In statistics, a deflator is a value that allows data to be measured over time in terms of some base period, usually through a price index, in order to distinguish between a changes in the money value of a gross national product (GNP) that come from a change in prices, and changes from a change in physical output. It is the measure of the price level for some quantity. A deflator serves as a price index in which the effects of inflation are nulled. It is the difference between real and nominal GDP.
In the United States, the import and export price indexes produced by the International Price Program are used as deflators in national accounts. For example, the gross domestic product (GDP) equals consumption expenditures plus net investment plus government expenditures plus exports minus imports. Various price indexes are used to "deflate" each component of the GDP to make the GDP figures comparable over time. Import price indexes are used to deflate the import component (i.e., import volume is divided by the Import Price index) and the export price indexes are used to deflate the export component (i.e., export volume is divided by the Export Price index).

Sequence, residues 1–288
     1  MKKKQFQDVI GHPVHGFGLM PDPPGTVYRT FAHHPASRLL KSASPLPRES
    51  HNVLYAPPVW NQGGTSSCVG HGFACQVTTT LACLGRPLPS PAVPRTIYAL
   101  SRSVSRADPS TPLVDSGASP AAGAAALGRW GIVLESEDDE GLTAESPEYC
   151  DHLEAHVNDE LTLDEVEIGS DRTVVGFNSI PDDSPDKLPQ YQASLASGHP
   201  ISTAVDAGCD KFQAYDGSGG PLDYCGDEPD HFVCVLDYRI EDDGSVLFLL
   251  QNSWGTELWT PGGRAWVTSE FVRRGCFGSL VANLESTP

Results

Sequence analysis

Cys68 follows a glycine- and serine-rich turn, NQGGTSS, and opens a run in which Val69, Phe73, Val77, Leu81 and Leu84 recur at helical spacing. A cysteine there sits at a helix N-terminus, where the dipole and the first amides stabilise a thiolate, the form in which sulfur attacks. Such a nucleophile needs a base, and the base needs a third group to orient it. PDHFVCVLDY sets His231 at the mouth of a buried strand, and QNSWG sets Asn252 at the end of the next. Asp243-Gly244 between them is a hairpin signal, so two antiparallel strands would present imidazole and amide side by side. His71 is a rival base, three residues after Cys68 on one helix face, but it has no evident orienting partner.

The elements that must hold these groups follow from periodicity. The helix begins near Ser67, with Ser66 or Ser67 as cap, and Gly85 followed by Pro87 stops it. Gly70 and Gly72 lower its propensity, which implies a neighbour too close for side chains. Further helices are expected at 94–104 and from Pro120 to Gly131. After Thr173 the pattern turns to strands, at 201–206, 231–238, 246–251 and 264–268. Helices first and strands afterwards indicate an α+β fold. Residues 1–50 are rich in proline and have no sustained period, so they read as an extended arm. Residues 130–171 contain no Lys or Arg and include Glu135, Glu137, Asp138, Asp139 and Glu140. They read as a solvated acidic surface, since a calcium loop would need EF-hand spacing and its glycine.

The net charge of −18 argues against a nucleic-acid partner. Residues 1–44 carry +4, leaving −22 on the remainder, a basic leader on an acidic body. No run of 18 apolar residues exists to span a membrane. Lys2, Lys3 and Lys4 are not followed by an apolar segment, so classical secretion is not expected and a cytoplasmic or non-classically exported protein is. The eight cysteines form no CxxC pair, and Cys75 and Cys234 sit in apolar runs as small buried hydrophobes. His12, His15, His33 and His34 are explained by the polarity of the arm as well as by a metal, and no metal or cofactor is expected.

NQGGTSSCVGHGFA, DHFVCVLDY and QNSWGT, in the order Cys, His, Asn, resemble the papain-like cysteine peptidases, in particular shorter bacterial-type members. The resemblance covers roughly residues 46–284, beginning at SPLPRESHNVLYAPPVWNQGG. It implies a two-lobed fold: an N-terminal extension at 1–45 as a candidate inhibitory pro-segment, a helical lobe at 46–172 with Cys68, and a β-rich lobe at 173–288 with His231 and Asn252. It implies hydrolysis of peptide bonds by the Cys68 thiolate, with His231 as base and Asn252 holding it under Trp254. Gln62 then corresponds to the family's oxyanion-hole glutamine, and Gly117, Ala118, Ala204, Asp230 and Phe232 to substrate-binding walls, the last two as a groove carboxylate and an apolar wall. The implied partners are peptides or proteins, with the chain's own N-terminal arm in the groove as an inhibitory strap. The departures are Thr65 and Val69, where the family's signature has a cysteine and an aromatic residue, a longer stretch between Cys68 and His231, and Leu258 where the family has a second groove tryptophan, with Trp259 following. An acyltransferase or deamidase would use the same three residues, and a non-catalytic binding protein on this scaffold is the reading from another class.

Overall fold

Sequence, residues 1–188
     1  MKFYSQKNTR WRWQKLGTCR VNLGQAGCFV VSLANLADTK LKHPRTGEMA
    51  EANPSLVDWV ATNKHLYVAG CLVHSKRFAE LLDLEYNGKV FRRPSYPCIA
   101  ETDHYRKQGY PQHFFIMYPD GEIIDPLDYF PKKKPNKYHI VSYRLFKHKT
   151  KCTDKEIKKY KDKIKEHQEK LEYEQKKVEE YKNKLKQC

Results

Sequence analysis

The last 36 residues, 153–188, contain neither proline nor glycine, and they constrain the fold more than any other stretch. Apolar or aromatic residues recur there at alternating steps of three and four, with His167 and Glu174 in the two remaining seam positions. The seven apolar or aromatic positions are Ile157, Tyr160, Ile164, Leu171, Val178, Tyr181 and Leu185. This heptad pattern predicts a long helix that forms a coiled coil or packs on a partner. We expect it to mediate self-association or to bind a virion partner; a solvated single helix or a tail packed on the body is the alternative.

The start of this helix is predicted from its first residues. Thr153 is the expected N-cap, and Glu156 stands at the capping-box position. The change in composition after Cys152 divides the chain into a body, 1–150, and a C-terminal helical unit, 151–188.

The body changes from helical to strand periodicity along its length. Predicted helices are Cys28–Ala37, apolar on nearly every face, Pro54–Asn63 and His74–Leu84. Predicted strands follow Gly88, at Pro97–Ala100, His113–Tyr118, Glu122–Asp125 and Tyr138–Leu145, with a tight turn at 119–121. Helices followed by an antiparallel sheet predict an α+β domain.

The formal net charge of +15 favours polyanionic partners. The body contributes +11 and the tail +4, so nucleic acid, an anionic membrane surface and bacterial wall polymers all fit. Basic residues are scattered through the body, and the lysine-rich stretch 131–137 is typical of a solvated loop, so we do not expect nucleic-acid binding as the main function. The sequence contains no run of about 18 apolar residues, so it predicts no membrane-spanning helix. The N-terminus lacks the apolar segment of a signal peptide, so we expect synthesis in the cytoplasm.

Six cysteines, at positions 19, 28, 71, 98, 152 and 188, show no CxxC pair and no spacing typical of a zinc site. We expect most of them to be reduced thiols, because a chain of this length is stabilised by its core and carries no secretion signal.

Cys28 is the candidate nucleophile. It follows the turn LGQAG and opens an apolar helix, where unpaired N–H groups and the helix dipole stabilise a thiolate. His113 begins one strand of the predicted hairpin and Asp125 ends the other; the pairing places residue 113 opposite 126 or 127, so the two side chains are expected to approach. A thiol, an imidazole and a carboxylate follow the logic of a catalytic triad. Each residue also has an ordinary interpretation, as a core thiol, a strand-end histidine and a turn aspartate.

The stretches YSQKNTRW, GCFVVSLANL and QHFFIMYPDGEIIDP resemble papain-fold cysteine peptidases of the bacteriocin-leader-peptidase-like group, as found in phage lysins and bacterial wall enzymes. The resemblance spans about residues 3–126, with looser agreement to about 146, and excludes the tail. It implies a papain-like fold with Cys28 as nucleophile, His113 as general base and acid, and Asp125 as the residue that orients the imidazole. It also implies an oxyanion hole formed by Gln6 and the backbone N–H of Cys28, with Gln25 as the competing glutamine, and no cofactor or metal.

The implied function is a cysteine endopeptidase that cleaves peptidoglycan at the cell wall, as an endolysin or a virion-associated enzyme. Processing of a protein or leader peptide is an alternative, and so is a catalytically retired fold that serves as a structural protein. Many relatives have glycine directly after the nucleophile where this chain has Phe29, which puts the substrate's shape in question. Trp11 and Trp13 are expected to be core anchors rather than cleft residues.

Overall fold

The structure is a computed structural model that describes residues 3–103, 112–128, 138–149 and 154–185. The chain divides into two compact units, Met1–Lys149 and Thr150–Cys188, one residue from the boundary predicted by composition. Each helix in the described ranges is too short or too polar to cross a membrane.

It is generally used as a statistical tool to convert dollars purchasing power into "inflation-adjusted" purchasing power, thus enabling the comparison of prices while accounting for inflation in various time periods.
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